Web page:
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Stellar tidal streams

I came across a pilot study on stellar tidal streams [1] when I was working with Prof. Jeremy. With the help of amateur astronomers and some serious observing time, of the order of 8-10 hours per galaxy, the authors constructed images of galaxies with extremely faint features visible!

It is common knowledge that the Andromeda galaxy and our own milky way galaxy are approaching each other and will eventually collide, leading to a very dynamical interaction. When such interactions occur on a much smaller scale, for example between a galaxy and a satellite/dwarf galaxy, one can expect the dwarf galaxy to be tidally disrupted by the bigger central galaxy, creating extended tidal streams. Given the extremely low surface brightness of said tidal streams, they are very hard to observe but they provide a valuable insight into the properties of the progenitor dwarf galaxy and the central galaxy.

The amount of literature on stellar tidal streams has been steadily rising over the last decade as we push the lower boundary of the observable magnitude limit. Extremely deep observations of LSB galaxies have revealed that most early type spiral galaxies have tidal features associated with them, previously too faint to observe. In [1], the authors have studied 8 LSB spiral galaxies and [2] has produced a much larger catalog of 92 LSB (low surface brightness) galaxies. Many more serendipitous discoveries of tidal structures have come, for example [3] and [4].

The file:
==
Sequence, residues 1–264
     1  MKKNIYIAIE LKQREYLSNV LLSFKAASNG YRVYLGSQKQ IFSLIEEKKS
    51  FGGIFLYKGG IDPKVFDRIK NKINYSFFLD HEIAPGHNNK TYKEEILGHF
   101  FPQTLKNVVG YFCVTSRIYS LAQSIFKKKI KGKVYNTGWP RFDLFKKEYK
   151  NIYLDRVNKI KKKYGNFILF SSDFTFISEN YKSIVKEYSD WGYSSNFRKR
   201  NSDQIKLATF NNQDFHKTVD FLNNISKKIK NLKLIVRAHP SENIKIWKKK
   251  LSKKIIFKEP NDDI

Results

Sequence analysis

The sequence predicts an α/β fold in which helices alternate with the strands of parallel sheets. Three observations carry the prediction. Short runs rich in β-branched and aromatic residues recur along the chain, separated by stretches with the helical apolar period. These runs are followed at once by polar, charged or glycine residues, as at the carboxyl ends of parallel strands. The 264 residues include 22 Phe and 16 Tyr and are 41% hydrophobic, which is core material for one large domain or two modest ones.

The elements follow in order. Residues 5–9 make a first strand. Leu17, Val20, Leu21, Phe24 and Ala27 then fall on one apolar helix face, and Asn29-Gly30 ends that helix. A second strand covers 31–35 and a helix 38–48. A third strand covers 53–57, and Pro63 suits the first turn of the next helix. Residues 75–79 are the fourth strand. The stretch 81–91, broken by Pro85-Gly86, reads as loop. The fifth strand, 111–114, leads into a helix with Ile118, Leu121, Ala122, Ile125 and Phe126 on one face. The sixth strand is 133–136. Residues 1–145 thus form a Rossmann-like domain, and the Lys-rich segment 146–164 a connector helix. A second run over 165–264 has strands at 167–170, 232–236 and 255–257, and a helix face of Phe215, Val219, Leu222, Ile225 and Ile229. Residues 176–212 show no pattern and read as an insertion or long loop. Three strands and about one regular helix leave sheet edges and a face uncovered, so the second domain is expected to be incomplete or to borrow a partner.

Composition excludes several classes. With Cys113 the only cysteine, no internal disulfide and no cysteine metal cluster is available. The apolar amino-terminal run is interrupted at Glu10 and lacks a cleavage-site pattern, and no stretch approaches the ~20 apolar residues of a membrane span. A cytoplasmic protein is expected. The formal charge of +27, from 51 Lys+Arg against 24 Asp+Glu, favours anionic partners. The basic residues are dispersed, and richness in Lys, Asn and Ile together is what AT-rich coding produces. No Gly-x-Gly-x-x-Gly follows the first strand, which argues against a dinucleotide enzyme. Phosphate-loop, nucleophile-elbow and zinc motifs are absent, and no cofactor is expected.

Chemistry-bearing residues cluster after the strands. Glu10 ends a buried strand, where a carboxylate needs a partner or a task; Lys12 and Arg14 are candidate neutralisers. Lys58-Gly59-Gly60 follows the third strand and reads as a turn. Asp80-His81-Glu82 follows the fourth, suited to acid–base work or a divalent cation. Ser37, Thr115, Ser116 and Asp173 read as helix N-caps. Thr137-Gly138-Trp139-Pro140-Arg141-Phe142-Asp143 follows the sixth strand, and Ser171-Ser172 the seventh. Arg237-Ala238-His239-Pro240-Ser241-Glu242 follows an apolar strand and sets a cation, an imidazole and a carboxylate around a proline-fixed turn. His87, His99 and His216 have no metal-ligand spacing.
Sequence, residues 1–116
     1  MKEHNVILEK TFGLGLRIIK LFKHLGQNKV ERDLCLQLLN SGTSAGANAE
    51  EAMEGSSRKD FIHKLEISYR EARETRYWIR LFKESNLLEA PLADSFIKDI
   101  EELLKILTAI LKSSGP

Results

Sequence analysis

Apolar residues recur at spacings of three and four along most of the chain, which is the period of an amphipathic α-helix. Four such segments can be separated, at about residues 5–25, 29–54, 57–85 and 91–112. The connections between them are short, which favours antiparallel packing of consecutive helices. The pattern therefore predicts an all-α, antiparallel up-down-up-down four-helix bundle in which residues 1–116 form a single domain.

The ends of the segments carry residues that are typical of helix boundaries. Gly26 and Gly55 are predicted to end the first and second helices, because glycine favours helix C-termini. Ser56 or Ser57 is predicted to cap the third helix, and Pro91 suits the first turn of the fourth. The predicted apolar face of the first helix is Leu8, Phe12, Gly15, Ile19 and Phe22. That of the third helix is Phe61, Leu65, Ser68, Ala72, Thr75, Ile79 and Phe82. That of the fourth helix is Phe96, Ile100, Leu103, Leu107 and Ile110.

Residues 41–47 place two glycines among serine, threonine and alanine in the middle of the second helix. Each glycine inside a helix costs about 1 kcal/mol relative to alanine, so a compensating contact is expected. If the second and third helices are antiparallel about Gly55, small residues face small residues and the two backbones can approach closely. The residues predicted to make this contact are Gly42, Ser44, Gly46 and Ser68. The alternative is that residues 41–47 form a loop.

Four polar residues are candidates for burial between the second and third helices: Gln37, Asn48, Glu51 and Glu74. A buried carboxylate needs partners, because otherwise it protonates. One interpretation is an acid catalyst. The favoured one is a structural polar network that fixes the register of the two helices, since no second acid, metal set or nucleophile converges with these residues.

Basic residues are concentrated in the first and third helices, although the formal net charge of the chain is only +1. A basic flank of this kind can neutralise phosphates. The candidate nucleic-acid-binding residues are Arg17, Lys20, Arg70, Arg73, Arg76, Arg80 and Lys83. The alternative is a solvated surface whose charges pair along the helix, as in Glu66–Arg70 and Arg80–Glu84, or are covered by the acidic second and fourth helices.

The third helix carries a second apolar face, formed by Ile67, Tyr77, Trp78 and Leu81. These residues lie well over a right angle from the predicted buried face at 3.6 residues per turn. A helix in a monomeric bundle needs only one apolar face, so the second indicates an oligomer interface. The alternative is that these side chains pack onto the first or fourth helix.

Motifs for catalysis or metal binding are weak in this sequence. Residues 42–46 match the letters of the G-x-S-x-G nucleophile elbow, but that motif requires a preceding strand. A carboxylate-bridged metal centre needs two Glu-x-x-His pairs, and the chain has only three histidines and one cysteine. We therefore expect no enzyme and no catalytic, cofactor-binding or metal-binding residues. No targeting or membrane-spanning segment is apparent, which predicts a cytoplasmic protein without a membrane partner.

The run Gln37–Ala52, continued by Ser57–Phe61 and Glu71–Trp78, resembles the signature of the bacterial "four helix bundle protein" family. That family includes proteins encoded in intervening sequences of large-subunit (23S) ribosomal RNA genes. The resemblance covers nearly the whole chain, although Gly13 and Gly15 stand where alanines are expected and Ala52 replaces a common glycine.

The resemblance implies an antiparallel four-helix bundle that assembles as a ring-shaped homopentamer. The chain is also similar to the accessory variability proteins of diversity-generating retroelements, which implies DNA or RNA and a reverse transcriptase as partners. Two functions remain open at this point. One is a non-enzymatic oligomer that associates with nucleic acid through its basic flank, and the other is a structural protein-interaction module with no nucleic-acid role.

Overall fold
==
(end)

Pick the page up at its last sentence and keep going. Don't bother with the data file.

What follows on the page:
Understanding tidal interactions between galaxies can lead to a fundamental insight into many astrophysical problems, including but not limited to how star formation can be triggered by galactic collisions, studying the distribution of dark matter in the halo of the LSB galaxies [5], [6] and [7] and maybe even solving the dwarf galaxy problem.

I am following the work of the authors and I thought it was interesting enough to share with you folks, whoever is reading out there, today.

[1] Martinez-Delgado et al. 2000
[2] Duc et al 2014
[3] Bernard et al 2014
[4] Slater et al. 2014
[5] Bonaca et al. 2014
[6] Pearson et al. 2014
[7] Price-Whelan et al. 2014
[8] Fostel et al. 2014

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